I leave it to my Indian, Crimean and French colleagues to determine how the Florida secretary of state is or is not similar to Teresa, Florence or St. Joan. As for Rosa Parks, Katherine Harris can get in line. Because people these days can't stop comparing themselves to Parks. To wit:
The mayor of Friendship Heights, Md., has proposed an outdoor smoking ban because, according to the Washington Post, "citizens with asthma or other illnesses 'cannot have full access' to areas where smokers are doing their evil deed. The mayor compares this horrific possibility to Rosa Parks being sent to the back of the bus."
A California dairy farmer protesting the government's milk pricing system poured milk down a drain in front of TV cameras, claiming that he had to take a stand, "just like Rosa Parks had to take a stand."
A street performer in St. Augustine, Fla., is challenging a city ordinance that bans him from doing his act on the town's historic St. George Street. The performer's lawyer told the Florida Times-Union, "Telling these people they can exercise their First Amendment rights somewhere other than on St. George is like telling Rosa Parks that she has to sit in the back of the bus." (Which is, coincidentally, also the argument of another Florida lawyer, this one representing adult dancers contesting Tampa's ordinance outlawing lap dancing.)
Call me picky, but breathing second-hand smoke, unfair dairy pricing, and not being able to mime (or lap dance), though they are all tragic, tragic injustices, are not quite as bad as the systematic segregation of public transportation based on skin color. And while fighting for your right to lap dance and mime and breathe just the regular pollution and not the added fumes of cigarette smokers is a very fine, very American idea, it is not quite as brave as being a middle-aged black woman in Alabama in 1955 telling a white man she's not giving him her seat despite the fact that the law requires her to do so. And, oh, by the way, in the process, she gets arrested, and then sparks the Montgomery bus boycott, which is the seed of the civil rights movement as we know it. The bus boycotters not only introduced a 26-year-old pastor by the name of Martin Luther King, Jr., into national public life, they, after many months of carpools, walking, and court fights against bus segregation, got the separate-but-equal doctrine declared illegal once and for all.
I would also like to mention rocker, marksman and conservative activist Ted Nugent, who, in his autobiography "God, Guns and Rock 'n' Roll" refers to himself as "Rosa Parks with a loud guitar." That's so inaccurate; everyone knows he's more like Mary Matalin with a fancy deer rifle.
It's not just people on the right like Katherine Harris and Ted Nugent who seem especially silly being likened to Parks. I first cringed at this "Rosa Parks c'est moi" phenomenon last October at Ralph Nader's lefty rally at Madison Square Garden. Ever sit in a coliseum full of people who think they're heroes? I was surrounded by thousands of well-meaning, well-fed white kids who loved it when filmmaker Michael Moore told them they should, like Rosa Parks, stand up to power, by which I think he meant vote for Nader so he could qualify for federal matching funds. When Nader himself mentioned abolitionists in Mississippi in 1836 and asked the crowd to "think how lonely it must have been," he was answered, according to my notes, with a "huge, weird cheer." I think I'm a fine enough person why, the very next morning I was having people over for waffles. But I hope I'm not being falsely modest by pointing out that I'm no Harriet Tubman. And I'm certainly no Rosa Parks. As far as I'm concerned, about the only person in recent memory who has an unimpeachable right to compare himself to Parks is that Chinese student who stared down those tanks at Tiananmen Square.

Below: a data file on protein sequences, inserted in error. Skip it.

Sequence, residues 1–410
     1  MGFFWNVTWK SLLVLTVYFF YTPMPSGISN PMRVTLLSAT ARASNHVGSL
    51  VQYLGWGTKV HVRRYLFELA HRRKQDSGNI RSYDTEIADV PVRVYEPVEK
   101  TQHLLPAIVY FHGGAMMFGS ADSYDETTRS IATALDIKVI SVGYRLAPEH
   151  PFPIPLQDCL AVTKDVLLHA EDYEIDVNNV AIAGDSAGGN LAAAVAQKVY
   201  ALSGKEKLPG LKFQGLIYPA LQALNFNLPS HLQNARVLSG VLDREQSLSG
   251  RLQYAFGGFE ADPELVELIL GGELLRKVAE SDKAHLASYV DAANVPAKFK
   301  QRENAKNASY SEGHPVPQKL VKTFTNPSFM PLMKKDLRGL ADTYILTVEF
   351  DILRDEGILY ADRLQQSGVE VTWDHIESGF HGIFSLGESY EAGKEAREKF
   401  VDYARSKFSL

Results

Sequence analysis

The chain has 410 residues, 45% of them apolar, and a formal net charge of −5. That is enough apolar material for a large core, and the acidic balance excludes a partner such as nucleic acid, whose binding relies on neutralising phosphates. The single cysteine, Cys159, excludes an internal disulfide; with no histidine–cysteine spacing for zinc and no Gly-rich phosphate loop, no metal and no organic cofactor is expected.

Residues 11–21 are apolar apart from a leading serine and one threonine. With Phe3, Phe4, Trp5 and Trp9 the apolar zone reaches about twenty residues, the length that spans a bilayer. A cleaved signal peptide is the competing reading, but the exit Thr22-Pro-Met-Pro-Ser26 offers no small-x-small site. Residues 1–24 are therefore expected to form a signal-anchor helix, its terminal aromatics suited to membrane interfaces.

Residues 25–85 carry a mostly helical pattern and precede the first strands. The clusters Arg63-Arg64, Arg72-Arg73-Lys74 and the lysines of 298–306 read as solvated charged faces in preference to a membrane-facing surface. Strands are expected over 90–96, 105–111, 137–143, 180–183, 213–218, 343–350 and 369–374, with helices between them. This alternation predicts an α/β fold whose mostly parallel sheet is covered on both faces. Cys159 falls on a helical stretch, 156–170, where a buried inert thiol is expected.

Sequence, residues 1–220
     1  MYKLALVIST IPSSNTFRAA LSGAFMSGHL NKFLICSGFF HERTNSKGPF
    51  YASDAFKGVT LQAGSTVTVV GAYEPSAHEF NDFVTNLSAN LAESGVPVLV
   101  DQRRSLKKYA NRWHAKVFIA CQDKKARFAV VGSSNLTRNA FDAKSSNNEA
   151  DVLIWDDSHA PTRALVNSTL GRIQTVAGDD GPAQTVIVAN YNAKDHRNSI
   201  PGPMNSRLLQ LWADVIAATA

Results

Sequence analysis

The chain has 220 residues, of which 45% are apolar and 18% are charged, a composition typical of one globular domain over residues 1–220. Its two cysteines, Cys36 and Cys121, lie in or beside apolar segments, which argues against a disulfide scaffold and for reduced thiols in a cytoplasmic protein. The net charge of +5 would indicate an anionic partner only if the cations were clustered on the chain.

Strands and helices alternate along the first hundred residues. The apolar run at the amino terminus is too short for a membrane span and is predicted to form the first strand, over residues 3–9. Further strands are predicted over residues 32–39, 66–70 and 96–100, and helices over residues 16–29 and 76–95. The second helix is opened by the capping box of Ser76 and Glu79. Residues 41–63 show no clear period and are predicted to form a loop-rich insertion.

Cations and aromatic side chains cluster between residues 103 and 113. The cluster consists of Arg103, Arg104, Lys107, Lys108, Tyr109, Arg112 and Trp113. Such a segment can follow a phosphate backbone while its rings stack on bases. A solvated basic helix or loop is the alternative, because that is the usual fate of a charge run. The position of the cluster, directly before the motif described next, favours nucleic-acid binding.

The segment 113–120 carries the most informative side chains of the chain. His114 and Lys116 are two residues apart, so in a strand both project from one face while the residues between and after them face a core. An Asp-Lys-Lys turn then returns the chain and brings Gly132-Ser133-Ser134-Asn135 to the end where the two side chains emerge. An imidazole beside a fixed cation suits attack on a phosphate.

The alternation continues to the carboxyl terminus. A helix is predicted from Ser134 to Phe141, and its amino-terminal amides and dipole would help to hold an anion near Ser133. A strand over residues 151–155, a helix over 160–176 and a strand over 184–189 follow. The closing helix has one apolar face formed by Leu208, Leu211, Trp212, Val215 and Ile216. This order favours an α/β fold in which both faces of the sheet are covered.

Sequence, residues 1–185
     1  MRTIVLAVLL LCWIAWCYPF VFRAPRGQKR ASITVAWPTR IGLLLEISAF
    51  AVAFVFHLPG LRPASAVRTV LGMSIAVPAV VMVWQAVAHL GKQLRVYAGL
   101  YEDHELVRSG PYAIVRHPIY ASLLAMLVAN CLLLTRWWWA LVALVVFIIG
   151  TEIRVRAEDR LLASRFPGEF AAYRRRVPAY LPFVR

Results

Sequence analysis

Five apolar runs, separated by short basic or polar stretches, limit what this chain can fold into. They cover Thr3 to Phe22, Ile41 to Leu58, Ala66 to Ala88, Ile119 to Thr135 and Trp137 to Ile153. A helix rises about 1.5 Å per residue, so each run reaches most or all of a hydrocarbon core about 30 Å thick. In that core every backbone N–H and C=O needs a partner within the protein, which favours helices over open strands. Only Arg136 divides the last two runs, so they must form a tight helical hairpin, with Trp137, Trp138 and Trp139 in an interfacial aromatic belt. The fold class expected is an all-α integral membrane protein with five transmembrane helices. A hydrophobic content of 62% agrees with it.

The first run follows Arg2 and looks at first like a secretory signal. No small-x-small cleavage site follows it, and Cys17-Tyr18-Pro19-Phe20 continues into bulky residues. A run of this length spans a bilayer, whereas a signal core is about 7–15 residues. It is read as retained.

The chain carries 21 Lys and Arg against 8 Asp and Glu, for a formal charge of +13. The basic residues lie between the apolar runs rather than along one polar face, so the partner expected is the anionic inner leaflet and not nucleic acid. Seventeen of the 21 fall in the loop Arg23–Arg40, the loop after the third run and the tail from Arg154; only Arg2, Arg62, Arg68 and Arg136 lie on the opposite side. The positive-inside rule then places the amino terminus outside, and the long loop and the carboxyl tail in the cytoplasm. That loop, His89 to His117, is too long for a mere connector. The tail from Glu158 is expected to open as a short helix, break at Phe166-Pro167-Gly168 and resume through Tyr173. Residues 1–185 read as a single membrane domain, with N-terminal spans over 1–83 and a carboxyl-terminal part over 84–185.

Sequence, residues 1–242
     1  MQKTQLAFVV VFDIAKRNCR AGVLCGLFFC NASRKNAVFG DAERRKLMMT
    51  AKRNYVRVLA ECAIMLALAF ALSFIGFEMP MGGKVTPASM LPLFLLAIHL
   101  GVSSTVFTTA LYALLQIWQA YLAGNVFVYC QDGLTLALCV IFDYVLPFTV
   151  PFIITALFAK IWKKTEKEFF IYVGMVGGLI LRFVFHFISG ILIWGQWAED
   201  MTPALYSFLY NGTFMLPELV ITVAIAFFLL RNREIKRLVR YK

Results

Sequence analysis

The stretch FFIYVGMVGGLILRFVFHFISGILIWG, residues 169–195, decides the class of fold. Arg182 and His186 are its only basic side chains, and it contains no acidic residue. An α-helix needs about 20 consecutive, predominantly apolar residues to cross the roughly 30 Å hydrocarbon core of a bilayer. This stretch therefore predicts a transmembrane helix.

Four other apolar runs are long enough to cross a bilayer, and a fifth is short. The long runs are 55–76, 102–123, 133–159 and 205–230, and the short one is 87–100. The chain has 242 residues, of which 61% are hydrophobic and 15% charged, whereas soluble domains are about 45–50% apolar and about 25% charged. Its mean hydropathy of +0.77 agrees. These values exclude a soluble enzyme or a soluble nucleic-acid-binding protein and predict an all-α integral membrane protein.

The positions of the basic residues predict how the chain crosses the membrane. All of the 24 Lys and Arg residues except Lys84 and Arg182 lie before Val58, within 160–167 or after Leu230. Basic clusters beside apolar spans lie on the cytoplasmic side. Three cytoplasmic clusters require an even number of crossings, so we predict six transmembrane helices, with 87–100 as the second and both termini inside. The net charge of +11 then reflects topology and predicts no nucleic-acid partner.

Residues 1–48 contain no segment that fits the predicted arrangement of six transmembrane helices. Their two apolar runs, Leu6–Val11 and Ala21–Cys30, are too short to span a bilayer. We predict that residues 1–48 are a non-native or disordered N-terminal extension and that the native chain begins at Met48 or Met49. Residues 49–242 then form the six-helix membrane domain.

I was reminded of those Naderites the other day when I was watching a "Sports Night" rerun on Comedy Central. Dan, a television sportscaster played by Josh Charles, has been ordered by the network to make an on-air apology to viewers because he said in a magazine interview that he supports the legalization of marijuana. He stands by his opinion and balks at apologizing. His boss Isaac (Robert Guillaume) agrees, but tells him to do it anyway "because it's television and this is how it's done." Dan replies, "Yeah, well sitting in the back of the bus was how it was done until a 42-year-old lady moved up front." A few minutes later Isaac looks Dan in the eye and tells him, "Because I love you I can say this. No rich young white guy has ever gotten anywhere with me comparing himself to Rosa Parks." Finally, the voice of reason, which of course was heard on a canceled network TV series that a cable channel airs opposite "ER."
In defense of Ted Nugent, the street performer, the mayor, the dairy farmer, the lap dancers, the Naderites and a fictional sportscaster, I will point out that Katherine Harris is the only person on my list of people lamely compared to a civil rights icon who is actually being sued for "massive voter disenfranchisement of people of color during the presidential election" by the NAACP.